It’s true that Arthur isn’t good at lying (alright, he’s tremendously bad at it) but he happens to be quite a good secret-keeper. The types of secrets he keeps aren’t the sort where something would go wrong or ruin the day if they were found out. Those ones probably are kept from him more often than he knows. Instead, he keeps quiet secrets, small ones; secrets about people that they don’t fully know themselves.
For instance: he knows that his mother loves Herc long before she does, and long before she dares speak it aloud, either in or out of his presence. Arthur sees it in the way her eyes soften at their edges when he phones, the edge her voice has when Douglas says something disparaging about him which isn’t quite the same as when she plays the two MJN pilots off against one another. He hears it in the quiet humming in the morning, pretends he thinks it was the radio. But he knows.
He knows that Martin and Douglas are friends while they are still calling one another colleagues. Once, actually, Martin actually said it in front of Arthur, used the word, then went red and glanced over as if he was afraid Arthur was going to use the confession against him. Arthur had just grinned.
“You all like each other a bit more than you admit,” he said. “I don’t really get it, because I like people to know I like them. But there’s three of you and one of me, so maybe I’m just the odd one.”
Martin had thought about it for a while. “No,” he’d said, eventually. “I think your way is the right way. But still, don’t tell Douglas. He’ll… smirk.”
Arthur hadn’t been sure why that was such a bad thing, since Douglas was sure to smirk about something anyway, and it might as well be a nice thing. But he kept Martin’s confidence, and eventually the pilots sorted themselves out and realised they were friends, sometime after they foiled Arthur’s father’s attempt to steal Gerti in St Petersburg. By this time, Arthur’s private reckoning was that MJN was closer to being a family, but they were slowly getting the point, so he wasn’t going to rush them. Arthur spent enough time one step behind everyone else to know what being rushed felt like.
Of course, not long after the rest of them caught up, MJN stopped being MJN and became OJS, and these days Arthur’s box of secrets (not a real box, although perhaps…) is getting even fuller. Martin, by virtue of being a spluttery sort of person, had always been the one most likely to accidentally let slip some kernel of friendship, but Herc’s almost as good at hiding it under snark as the other two. So Arthur collects little glances, smiles to himself when Herc lets Douglas win a game on his daughter’s birthday (even though he pretends he doesn’t know when it is, or that Douglas didn’t get to see her), smiles to himself when his mother drapes a blanket over Herc when he falls asleep on the settee (even though she will sneer later on in the evening and pretend it was Arthur), smiles to himself when Douglas sweeps the airfield for a lost earring (even though he claims he was only holding on to it to sell it, and didn’t even know it had belonged to Carolyn’s mother, but since she’s got the matching one she may as well have it back).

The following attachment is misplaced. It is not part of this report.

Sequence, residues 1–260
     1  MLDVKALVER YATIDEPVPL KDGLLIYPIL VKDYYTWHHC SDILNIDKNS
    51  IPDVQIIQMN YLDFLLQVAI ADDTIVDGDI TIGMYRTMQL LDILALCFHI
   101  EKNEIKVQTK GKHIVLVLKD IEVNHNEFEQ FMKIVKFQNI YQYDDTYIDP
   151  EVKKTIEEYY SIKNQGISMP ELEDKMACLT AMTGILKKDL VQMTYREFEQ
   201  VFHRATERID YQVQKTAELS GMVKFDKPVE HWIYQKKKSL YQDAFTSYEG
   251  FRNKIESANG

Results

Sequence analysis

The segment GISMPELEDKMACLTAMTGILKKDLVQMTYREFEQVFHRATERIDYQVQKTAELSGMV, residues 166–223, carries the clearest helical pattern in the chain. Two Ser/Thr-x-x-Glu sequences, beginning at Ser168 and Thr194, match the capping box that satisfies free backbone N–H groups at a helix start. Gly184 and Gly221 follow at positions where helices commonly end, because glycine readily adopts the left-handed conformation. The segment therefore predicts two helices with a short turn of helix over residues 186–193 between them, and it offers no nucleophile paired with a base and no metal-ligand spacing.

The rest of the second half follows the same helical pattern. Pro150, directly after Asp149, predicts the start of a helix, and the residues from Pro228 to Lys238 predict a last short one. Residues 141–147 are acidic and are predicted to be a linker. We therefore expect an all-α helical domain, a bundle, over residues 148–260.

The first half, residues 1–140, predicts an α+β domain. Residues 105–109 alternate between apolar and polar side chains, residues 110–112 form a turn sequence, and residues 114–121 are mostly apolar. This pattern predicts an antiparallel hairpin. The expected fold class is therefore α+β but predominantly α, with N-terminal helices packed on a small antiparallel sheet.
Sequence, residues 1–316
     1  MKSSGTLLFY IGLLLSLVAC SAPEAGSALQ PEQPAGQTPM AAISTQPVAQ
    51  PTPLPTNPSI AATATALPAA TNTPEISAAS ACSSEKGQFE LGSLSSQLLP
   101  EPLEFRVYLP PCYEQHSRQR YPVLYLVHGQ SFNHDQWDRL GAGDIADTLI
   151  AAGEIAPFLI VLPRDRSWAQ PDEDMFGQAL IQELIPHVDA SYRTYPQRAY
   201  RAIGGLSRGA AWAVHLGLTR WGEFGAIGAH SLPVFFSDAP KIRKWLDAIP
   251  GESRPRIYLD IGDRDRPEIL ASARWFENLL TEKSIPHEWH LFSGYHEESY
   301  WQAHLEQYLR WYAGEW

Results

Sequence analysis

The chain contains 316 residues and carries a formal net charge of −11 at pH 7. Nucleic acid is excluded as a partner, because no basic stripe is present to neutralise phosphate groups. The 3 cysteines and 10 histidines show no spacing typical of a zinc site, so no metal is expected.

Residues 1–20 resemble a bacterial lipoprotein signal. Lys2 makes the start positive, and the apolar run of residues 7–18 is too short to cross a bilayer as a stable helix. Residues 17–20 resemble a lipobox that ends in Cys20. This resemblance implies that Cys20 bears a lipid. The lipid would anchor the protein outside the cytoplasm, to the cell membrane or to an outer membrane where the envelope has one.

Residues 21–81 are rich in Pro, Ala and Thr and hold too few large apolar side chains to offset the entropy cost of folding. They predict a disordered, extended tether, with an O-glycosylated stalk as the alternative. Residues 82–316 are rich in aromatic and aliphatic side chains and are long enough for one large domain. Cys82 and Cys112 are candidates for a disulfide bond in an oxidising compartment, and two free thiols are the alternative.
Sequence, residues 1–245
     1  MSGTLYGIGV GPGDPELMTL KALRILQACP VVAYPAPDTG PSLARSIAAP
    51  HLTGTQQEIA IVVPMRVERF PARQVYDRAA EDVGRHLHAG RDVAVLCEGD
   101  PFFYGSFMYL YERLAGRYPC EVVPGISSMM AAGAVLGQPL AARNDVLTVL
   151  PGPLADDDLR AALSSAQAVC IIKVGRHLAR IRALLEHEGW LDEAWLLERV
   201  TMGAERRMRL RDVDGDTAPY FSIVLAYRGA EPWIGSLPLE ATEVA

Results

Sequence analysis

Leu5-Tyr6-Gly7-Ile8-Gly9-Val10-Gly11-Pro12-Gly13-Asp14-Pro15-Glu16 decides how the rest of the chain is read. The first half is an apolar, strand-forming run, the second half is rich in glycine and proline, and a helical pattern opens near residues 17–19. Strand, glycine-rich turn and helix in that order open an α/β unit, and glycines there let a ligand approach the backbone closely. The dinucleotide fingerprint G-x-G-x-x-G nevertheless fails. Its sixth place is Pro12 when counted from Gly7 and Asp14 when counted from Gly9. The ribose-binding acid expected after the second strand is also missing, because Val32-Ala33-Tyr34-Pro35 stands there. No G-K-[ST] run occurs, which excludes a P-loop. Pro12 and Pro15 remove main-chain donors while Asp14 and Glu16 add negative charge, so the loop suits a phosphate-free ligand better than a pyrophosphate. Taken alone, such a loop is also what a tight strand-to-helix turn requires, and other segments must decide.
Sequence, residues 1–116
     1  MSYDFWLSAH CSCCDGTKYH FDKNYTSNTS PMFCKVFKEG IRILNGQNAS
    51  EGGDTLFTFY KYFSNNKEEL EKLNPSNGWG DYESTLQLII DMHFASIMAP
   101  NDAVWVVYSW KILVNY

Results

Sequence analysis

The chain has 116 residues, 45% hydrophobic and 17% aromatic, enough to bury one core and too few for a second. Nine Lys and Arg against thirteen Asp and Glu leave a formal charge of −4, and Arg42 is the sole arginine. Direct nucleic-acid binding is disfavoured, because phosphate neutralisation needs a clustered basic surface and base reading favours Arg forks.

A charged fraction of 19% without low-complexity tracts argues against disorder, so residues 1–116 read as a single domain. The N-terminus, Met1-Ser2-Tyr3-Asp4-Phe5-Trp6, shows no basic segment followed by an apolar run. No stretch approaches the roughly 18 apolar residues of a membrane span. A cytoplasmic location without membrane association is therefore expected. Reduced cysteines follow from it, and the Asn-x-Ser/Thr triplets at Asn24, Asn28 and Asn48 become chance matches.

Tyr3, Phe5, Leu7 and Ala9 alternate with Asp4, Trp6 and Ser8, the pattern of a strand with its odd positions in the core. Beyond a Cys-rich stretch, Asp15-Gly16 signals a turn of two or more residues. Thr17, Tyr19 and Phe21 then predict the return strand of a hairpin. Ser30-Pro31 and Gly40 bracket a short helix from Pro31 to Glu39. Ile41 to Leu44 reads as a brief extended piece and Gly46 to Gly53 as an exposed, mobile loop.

Arthur wishes they found it easier to like each other out loud, but understands their limits, notes it proudly when any of them raise it above a whisper. He is content to be the custodian of their friendships, the accidental compliments and concerned glances when backs are turned.
It’s funny, really. They all think they are so clever (and they are) but when it comes to something simple like being friends it’s actually Arthur they turn to. When someone says, “Do you think so-and-so’s a bit quiet this morning?” he knows he’s being asked to check on them. And usually he does. But sometimes he does his sort of blank face, like he doesn’t quite know what they mean, because honestly, they’re never going to learn if he doesn’t make them practice.
For their fifth anniversary, his mother allows Herc to hold a party - a small one that ends up being sort of middle-ish - and doesn’t roll her eyes too much during the speeches, not even when he introduces Douglas as his friend and the finest captain he’s ever flown with. And Douglas does some jokes at Herc’s expense but he also says that he couldn’t imagine someone better suited to a woman he has admired as long as he’s known her, and Arthur smiles and smiles and smiles.
Martin, sitting next to him, nudges Arthur’s arm and grins back. “It’s finally rubbed off on Douglas, I think,” he whispers.
“What has?” Arthur hisses back.
“Your way. The right way.”
And Arthur smiles a little more.